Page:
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How to Choose a Puzzle for Kids

toddler child playing with a puzzle

If you’re looking for a powerful, mind-building toy, I can’t help but point you in the direction of a classic… a true superhero in the toy world… the puzzle! For a toy that builds mental strength starting at around age 1 and continues to engage adult minds, you can’t beat puzzles.

Puzzles have many superpowers. Putting together a puzzle helps teach part-to-whole relationships, spatial orientation, pattern recognition and executive functioning. Simply put, puzzles help your little ones learn to organize their brains and bodies to complete a task. Assembling pieces together helps with fine motor dexterity too. And when kids work together on a puzzle, they build important teamwork and social skills.

How to make sure kids are getting the most out of puzzle playtime

Puzzles are for everyone. But let’s talk about our preschoolers, who are transitioning from simple matching puzzles to more complex 24+ piece puzzles.

Tiny toddlers can start with a chunky puzzle that requires matching shapes into corresponding spaces on a board. We love this one from Djeco for its brightly painted pieces that fit nicely into a felt board.

Follow a three-step model for toy introduction, including puzzles:


Encourage your child hand to hand you a piece and talk out loud about your process for deciding which pieces go together. As you start to put the puzzle together ask your child questions like:

  • What animal could this be a part of?
  • Do you see any other pieces with orange?

You can begin to put pieces together or guide your child’s hands in placing pieces together.


Hand your child pieces and give verbal guidance and prompting. For example:

  • This is the eye of the elephant, where could that piece go?
  • This looks like it goes above the _____. Try turning the piece.
  • Looking at the picture, what part of the puzzle do you think this piece is

Have your little one connect the pieces independently. Let them do as much as they are able while asking thoughtful questions.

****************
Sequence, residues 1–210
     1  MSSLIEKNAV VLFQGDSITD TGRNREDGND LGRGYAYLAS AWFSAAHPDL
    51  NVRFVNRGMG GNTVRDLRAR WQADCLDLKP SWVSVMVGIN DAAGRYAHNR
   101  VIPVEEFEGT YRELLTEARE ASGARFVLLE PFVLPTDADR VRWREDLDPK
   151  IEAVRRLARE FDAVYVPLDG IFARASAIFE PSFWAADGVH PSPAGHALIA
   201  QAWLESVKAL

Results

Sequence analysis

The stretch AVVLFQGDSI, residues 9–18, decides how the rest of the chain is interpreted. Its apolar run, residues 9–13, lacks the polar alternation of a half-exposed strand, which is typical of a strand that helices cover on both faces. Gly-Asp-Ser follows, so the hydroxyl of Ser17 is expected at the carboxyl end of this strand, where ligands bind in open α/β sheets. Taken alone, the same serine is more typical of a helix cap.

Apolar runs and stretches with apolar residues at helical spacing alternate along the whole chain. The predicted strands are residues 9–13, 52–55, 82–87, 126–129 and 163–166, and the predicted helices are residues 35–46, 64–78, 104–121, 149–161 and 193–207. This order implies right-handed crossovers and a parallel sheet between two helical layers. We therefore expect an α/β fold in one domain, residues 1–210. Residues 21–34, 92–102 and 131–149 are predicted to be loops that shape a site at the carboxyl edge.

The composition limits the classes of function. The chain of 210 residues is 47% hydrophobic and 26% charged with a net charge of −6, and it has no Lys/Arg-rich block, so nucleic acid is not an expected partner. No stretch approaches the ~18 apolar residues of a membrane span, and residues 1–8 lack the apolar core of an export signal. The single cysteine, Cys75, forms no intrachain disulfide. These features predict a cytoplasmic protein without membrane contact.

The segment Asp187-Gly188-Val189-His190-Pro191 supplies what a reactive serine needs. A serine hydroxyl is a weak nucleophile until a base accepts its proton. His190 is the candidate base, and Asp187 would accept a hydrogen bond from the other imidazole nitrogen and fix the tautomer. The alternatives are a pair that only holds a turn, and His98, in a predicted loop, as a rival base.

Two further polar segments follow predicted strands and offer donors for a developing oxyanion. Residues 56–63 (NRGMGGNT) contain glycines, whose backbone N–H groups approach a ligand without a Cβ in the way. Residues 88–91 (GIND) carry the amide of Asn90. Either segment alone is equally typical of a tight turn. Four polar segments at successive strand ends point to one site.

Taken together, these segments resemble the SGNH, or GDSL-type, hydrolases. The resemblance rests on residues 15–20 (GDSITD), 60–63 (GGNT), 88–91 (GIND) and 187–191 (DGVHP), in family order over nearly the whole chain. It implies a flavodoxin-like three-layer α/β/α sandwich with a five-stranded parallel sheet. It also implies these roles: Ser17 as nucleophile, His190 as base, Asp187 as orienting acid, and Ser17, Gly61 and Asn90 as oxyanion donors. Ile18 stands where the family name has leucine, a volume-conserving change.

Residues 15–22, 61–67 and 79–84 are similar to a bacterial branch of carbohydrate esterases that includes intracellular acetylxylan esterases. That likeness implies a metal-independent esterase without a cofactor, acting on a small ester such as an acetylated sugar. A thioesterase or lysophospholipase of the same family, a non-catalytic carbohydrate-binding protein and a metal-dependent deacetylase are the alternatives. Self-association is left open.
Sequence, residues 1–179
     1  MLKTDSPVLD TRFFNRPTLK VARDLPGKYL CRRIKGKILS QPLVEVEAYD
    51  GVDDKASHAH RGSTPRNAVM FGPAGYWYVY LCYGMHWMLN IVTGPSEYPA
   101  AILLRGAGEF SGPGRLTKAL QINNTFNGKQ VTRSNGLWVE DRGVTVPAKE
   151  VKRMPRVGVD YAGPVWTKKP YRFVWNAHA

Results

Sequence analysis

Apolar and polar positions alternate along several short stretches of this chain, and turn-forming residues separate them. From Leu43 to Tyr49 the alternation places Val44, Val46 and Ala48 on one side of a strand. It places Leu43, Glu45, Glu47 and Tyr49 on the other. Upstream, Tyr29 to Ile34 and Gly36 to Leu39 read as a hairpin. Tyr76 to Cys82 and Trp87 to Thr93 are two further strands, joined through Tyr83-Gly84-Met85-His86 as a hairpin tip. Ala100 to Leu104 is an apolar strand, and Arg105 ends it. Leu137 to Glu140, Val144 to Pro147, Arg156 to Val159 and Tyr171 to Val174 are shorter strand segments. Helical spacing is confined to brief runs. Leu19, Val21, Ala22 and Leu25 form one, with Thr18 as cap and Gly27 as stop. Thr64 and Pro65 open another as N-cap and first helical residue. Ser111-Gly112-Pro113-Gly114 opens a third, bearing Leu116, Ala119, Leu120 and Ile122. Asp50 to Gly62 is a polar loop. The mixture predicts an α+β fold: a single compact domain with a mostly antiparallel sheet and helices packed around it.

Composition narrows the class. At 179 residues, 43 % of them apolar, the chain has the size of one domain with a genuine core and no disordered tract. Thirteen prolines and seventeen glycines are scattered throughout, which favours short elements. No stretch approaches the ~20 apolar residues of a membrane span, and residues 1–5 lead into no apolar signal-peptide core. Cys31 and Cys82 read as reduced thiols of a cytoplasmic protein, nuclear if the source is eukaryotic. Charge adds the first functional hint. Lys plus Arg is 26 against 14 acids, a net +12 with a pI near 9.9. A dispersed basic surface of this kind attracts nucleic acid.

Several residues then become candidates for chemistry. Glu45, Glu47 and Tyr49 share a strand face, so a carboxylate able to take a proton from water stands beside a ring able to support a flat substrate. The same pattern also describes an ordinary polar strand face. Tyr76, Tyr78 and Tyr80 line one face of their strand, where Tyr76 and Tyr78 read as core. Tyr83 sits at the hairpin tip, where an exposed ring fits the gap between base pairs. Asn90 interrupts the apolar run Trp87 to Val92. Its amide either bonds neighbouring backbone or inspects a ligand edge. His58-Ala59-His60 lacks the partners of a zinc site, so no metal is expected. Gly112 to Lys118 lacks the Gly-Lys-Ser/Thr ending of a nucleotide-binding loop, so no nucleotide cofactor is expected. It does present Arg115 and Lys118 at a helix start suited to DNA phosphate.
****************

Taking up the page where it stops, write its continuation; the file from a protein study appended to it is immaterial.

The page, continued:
When the child leads, you can still give verbal promptings and ask guiding questions like:

  • Where should we start? (They’ll identify a part of the picture on the box)
  • Can you group the pieces by color or pattern?
  • Can you find all the butterfly pieces?
  • What part of the animal would go here?
  • Can you find a piece that looks like…?

If they struggle, suggest trying a different part of the puzzle first. Starting with the edges is a fail-safe strategy for success.  

Continue to PLAY!

Once the puzzle is built try playing eye spy. Ask them to tell you a story about the scene, count how many items they see in the puzzle, or play ‘what sound do the animals in the picture make?’

As kids gain skills with their puzzle-solving, you can begin to challenge them with smaller pieces, more pieces, or more complex patterns.

Here’s some puzzle suggestions for all ages:


For a first puzzle, you can’t go wrong with this simple, three shape puzzle. The animal faces are cute, there are bright colors to identify, and large pieces are easy to grip in tiny hands. This will be an instant favorite!


The Touch and Feel Dinosaur Puzzle includes four, three-piece puzzles and is engaging with bright colors and fun textures. Chunky pieces are easy to grasp and put together making this a great first flat puzzle for your little one.


I love simple puzzles for preschoolers that help reinforce other skills, like color or shape recognition. This one is beautifully created with Eric Carl illustrations from the classic children’s book Brown Bear, Brown Bear What do you See?

Pre-teen and Teen:

This 1000-piece Lego puzzle plays a trick on the eyes as kids and adults are challenged to assemble this repeating pattern. A great puzzle to complete as a family for some quality time.

As always, reach out to us for the latest and greatest in the world of puzzles.